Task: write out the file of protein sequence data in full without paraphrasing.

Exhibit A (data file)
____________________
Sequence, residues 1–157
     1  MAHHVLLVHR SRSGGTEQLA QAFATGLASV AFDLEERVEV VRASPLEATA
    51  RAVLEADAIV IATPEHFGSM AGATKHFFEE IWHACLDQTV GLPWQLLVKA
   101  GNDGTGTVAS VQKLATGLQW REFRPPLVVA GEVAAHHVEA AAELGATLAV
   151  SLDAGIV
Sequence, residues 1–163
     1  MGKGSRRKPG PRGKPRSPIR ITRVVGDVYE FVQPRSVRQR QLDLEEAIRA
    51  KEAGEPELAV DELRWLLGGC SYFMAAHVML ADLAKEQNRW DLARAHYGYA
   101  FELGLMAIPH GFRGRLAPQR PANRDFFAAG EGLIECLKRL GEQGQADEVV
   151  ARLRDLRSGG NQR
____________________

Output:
Sequence, residues 1–157
     1  MAHHVLLVHR SRSGGTEQLA QAFATGLASV AFDLEERVEV VRASPLEATA
    51  RAVLEADAIV IATPEHFGSM AGATKHFFEE IWHACLDQTV GLPWQLLVKA
   101  GNDGTGTVAS VQKLATGLQW REFRPPLVVA GEVAAHHVEA AAELGATLAV
   151  SLDAGIV
Sequence, residues 1–163
     1  MGKGSRRKPG PRGKPRSPIR ITRVVGDVYE FVQPRSVRQR QLDLEEAIRA
    51  KEAGEPELAV DELRWLLGGC SYFMAAHVML ADLAKEQNRW DLARAHYGYA
   101  FELGLMAIPH GFRGRLAPQR PANRDFFAAG EGLIECLKRL GEQGQADEVV
   151  ARLRDLRSGG NQR